11 best books for summer by the staff at Jezebel


All summer long, guests stop by to recommend books to Jezebel readers; this week, however, we are closer to home, with selections from Jezebel staff. We have murders, we have memories, we have pools, gay bars, romance and the dark side of supermarkets. We have it all, in other words.

The House of Gucci: a sensational story of murder, madness, glamor and greed, Sara Gay Forden

You’ve probably seen the pictures of Lady Gaga and Adam Driver make their best Italian glamazon cosplay on the set of the film based on this book, and perhaps you were also inspired to buy a copy to prepare yourself for what will certainly be a camp bacchanal. Otherwise, let this little blurb encourage you: The Gucci house is my favorite paperback for this season. It’s an exhilarating guide through a salacious murder interwoven with the brand’s history. Great for people who love Gucci, and even better for those who want context before sitting in a movie theater and watching Lady Gaga swinging for the fences while dressed as a young Strega Nonna. Ciao bella! Bellissime! Live italy. –Megan Reynolds

The yellow house, Sarah M. Broom

Sarah M. Broom’s book about the New Orleans house she grew up in is technically a memoir, although it can be more accurately described as a particularly moving geographic story. Through archival research and interviews with family members, Broom pieces together a sprawling tale of the crossed forces that left large swathes of the city precarious and decaying long before Hurricane Katrina attracted the national attention to the city’s infrastructural racism. Undoubtedly researched and beautifully written, Broom’s book is a tender, multigenerational story that portrays systematized neglect as a character as real as any other. It’s a good book to read slowly, on those long hot days when you can give it the attention it deserves. – Molly Osberg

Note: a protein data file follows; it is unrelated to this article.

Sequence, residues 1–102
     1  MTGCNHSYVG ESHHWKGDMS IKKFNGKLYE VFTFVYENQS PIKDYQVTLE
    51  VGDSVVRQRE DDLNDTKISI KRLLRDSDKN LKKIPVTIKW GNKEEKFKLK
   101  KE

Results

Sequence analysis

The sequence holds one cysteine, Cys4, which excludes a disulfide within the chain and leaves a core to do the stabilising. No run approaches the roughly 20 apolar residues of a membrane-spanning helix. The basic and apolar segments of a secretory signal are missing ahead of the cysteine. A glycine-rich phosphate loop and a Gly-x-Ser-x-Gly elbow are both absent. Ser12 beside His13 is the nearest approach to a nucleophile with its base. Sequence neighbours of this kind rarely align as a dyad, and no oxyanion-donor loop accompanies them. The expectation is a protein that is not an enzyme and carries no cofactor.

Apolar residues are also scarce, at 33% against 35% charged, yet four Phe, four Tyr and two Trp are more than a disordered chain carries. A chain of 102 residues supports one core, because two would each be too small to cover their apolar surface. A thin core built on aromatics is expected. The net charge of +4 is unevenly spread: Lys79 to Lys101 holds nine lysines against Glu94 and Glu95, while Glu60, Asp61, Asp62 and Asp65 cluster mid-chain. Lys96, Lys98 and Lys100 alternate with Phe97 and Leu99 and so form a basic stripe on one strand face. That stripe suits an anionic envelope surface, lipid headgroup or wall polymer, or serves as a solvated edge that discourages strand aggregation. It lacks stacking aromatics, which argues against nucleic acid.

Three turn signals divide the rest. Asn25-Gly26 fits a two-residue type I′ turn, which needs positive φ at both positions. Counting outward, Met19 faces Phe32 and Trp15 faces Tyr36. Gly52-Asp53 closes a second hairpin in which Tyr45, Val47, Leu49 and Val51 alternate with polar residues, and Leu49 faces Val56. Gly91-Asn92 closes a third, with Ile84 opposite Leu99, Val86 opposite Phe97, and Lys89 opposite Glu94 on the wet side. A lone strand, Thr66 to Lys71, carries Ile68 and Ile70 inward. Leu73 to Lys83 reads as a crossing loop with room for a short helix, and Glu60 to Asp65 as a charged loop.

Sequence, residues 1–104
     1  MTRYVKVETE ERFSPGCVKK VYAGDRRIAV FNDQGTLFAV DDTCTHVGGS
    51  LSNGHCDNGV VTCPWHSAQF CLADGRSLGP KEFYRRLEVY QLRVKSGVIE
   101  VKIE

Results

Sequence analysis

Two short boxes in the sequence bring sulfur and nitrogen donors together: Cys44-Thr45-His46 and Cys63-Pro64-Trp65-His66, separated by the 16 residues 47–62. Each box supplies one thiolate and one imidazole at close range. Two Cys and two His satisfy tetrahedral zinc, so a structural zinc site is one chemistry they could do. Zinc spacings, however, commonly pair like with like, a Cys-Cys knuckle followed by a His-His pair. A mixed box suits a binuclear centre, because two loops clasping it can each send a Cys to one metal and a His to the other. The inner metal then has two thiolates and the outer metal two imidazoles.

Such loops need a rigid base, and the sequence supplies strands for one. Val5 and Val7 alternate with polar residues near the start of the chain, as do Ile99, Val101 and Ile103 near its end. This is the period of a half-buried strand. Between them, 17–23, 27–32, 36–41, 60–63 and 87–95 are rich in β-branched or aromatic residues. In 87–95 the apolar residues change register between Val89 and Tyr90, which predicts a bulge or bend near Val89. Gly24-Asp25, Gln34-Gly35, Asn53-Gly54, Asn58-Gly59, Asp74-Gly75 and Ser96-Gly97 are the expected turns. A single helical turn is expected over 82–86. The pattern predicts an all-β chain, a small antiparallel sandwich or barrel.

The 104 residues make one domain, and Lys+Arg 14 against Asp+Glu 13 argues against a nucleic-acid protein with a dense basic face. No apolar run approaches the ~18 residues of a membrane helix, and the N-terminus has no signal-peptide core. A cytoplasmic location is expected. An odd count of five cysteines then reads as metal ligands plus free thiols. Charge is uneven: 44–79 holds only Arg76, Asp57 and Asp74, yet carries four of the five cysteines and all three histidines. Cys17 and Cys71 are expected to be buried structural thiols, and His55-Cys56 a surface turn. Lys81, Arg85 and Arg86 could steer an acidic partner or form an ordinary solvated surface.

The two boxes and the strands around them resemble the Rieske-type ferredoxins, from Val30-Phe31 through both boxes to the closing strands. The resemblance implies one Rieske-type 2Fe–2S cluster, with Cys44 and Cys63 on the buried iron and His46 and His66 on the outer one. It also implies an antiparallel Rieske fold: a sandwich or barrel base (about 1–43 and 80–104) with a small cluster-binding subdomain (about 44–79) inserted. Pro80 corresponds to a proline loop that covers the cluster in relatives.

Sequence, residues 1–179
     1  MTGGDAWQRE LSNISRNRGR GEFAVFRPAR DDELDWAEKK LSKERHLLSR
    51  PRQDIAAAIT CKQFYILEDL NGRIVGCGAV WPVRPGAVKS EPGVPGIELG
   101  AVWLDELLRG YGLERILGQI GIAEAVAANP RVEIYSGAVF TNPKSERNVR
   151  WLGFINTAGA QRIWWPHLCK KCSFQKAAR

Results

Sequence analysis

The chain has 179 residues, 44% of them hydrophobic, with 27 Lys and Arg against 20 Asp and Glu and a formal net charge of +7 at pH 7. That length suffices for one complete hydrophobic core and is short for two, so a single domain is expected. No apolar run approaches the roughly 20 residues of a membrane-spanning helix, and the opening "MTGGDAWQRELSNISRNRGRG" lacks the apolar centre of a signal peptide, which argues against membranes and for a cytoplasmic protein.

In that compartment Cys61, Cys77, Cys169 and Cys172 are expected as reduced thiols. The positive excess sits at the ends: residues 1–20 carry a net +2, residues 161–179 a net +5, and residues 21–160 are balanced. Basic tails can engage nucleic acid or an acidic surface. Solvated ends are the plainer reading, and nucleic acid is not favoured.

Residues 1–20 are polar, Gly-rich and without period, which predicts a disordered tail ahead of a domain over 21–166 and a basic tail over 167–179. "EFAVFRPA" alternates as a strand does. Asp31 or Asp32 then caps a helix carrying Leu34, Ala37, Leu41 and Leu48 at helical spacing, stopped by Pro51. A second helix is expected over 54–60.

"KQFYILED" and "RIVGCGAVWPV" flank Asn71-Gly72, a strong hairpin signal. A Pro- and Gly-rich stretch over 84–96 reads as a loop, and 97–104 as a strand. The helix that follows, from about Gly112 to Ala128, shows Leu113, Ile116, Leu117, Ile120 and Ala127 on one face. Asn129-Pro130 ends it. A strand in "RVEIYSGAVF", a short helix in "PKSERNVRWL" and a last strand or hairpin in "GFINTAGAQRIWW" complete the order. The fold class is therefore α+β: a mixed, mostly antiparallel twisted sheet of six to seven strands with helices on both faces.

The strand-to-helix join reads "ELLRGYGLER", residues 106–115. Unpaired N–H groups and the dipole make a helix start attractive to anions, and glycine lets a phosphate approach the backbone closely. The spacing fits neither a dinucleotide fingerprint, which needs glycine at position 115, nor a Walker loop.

Murderbot’s Diaries, Martha Wells

“I could have become a mass murderer after hacking into my governor module, but then I realized that I could access the combined stream of entertainment channels broadcast on the company’s satellites. It’s the memorable opening of this wonderful, funny, thoughtful sci-fi series about a deeply cranky cyborg calling himself Murderbot, as a sort of tongue-in-cheek joke. You see, Murderbot is a literal killing machine made of both organic and tech pieces, who just wants to kill as little as possible and the bare minimum in their job (which is basically outer space hire a cop), then watch human tv shows, especially a soap opera called Rise and fall of the moon of the sanctuary. Butthe description of the hat makes Murderbot look a bit static as a character, which is furthest from the truth. Murderbot meets a group of humans he reluctantly loves, in large part because they treat Murderbot as a sensitive and self-sufficient being with the feelings he is. I’m really a little alarmed at how much I identify with this cyborg, as someone who wants everyone to leave her alone to read their stories and also wants the little human she is responsible for to stay out dangerous situations. —Kelly Faircloth

Golden Famous Citrus, Claire Vaye Watkins